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Making My Own Carvable Epoxy Fills

In years past we who are engaged in the compensation for damage of historic wooden artifacts often employed Araldite 1253 carvable epoxy for filling substantial losses requiring high-performance structural integrity.  I have found this product hard to find (and it was black!) so I for some time I have been making my own.


In this instance I took one squirt of Devcon epoxy from the hardware store, although any good quality epoxy will suffice, along with the appropriate proportion of catalyst onto a paper surface and mix them thoroughly.  To that I add acetone drop by drop until I get a watery consistency; it does not take as much acetone as you might expect.


Once you have the thinned epoxy ready, stir in glass microballoons a little at a time, making sure to mix until it is uniform in consistency.  The microballoons serve to both reduce the flow of the material (to “stiffen” it) and reduce the overall density (making it lighter in weight) and reducing the hardness and brittleness (making it “carvable”).


Keep adding microballoons until the mixture is the consistency of very stiff taffy (or thin putty if you prefer).   You can also add pigment for coloration at almost any point.


Once the putty is ready you can apply it to the area needing filling with a spatula.  When you are done with that that and smoothed out the fill, set it aside.  It will take 12-24 hours to harden.  Once it has set you can, well, carve it and smooth it to fulfill your requirements for the task at hand.


Since I make my own carvable epoxy one small batch at a time customizing the stiffness, density, and coloration, I simply discard any excess mixture and move on.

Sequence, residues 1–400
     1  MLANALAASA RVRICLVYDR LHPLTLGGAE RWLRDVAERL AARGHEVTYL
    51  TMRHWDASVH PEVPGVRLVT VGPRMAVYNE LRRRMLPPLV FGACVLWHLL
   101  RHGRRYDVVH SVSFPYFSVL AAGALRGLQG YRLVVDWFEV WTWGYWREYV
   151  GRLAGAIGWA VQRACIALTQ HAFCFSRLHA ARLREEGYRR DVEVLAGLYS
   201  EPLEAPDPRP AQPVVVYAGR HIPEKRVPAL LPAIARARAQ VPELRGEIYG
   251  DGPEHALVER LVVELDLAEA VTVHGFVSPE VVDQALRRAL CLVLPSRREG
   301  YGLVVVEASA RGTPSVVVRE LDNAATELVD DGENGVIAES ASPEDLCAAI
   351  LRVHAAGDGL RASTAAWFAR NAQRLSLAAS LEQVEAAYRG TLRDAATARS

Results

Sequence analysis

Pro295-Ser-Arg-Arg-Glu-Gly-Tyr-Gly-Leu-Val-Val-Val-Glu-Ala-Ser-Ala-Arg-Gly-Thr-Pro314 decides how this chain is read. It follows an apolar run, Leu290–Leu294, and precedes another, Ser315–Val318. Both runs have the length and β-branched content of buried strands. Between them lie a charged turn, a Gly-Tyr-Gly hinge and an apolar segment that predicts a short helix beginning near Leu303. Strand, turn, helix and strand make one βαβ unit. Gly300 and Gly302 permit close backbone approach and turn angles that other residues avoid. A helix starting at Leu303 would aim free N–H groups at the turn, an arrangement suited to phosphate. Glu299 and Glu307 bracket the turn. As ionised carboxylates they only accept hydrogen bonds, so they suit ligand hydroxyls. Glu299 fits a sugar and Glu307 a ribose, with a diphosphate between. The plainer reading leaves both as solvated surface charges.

Studley 2.0 — Not Just A Tool Cabinet

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Not content to simply throw down the gauntlet before us with his replication of the HO Studley Tool Cabinet and its contents, admittedly customized very slightly for his own collection, JimM immediately dove into the replication of the workbench itself.  I saw it in-process, but the finished item is simply magnificent.

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Take that, slacker, I sez to myself.

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Jim chose pearwood as his secondary wood, and like Studley fabricated an ebony spring-loaded bench dog for every dog hole.  Now he is replanting the seed in my own creative garden, namely the completion of the prototype for the Studley bench vise itself as he wants a pair of the vises to adorn this bench.  I gotta get done with these projects taking up space — physical and psychic — in the studio so I can turn my attention to getting that enterprise underway.

A Roubo Print Finds Its Rightful Home




At the recent Groopshop 2016’s very entertaining “Mike’s Mostly Honest Auction” I contributed a print from the group of c.1771 First Edition Roubo prints I purchased a few weeks ago.  I hoped there would be some interest in this item, and it turned out there was some spirited bidding before my friend and fellow Pavilionista and Studley exhibit volunteer  JohnH prevailed.  The outcome could not have been better as John will be a perfect steward for the print.


This is a very special artifact at several levels, not the least being related to my own scholarship on Roubo.  This plate was not only designed by Roubo — he designed all the plates for the book — but he actually engraved this plate himself!  And in all likelihood he oversaw the production of the book in person, it was that important.  So he designed the image, engraved the plate, and witnessed the print-making and binding.

Amusingly (?) even with that degree of attentiveness, this place was not aligned perfectly with the paper so the print is noticeably crooked on the page!  I suspect this imperfection only increases the value of the print.


I hope John will find the time to examine the print carefully, to notice and appreciate the hand-made paper, the still sharp plate mark impression on the paper (this picture is of another page), and the exquisite detail in the image itself.

The odds are excellent that I will be selling any surplus inventory from this group of prints once I decide which ones I want to keep and which ones I want to give as gifts.  Stay tuned.